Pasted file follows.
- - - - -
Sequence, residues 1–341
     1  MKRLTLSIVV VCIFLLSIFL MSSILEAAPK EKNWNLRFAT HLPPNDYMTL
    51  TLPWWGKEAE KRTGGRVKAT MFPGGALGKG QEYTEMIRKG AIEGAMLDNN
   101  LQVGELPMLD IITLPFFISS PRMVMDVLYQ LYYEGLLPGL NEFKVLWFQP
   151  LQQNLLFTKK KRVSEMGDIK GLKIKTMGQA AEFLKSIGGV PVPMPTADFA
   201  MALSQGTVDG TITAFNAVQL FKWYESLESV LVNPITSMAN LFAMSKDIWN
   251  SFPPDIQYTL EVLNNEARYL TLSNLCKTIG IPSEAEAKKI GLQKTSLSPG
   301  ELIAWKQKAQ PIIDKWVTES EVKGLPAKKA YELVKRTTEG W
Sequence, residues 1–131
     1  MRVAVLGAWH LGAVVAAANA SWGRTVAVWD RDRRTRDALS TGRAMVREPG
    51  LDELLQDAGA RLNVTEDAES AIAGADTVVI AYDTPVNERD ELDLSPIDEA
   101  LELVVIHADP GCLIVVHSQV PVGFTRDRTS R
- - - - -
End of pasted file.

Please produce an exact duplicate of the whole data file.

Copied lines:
Sequence, residues 1–341
     1  MKRLTLSIVV VCIFLLSIFL MSSILEAAPK EKNWNLRFAT HLPPNDYMTL
    51  TLPWWGKEAE KRTGGRVKAT MFPGGALGKG QEYTEMIRKG AIEGAMLDNN
   101  LQVGELPMLD IITLPFFISS PRMVMDVLYQ LYYEGLLPGL NEFKVLWFQP
   151  LQQNLLFTKK KRVSEMGDIK GLKIKTMGQA AEFLKSIGGV PVPMPTADFA
   201  MALSQGTVDG TITAFNAVQL FKWYESLESV LVNPITSMAN LFAMSKDIWN
   251  SFPPDIQYTL EVLNNEARYL TLSNLCKTIG IPSEAEAKKI GLQKTSLSPG
   301  ELIAWKQKAQ PIIDKWVTES EVKGLPAKKA YELVKRTTEG W
Sequence, residues 1–131
     1  MRVAVLGAWH LGAVVAAANA SWGRTVAVWD RDRRTRDALS TGRAMVREPG
    51  LDELLQDAGA RLNVTEDAES AIAGADTVVI AYDTPVNERD ELDLSPIDEA
   101  LELVVIHADP GCLIVVHSQV PVGFTRDRTS R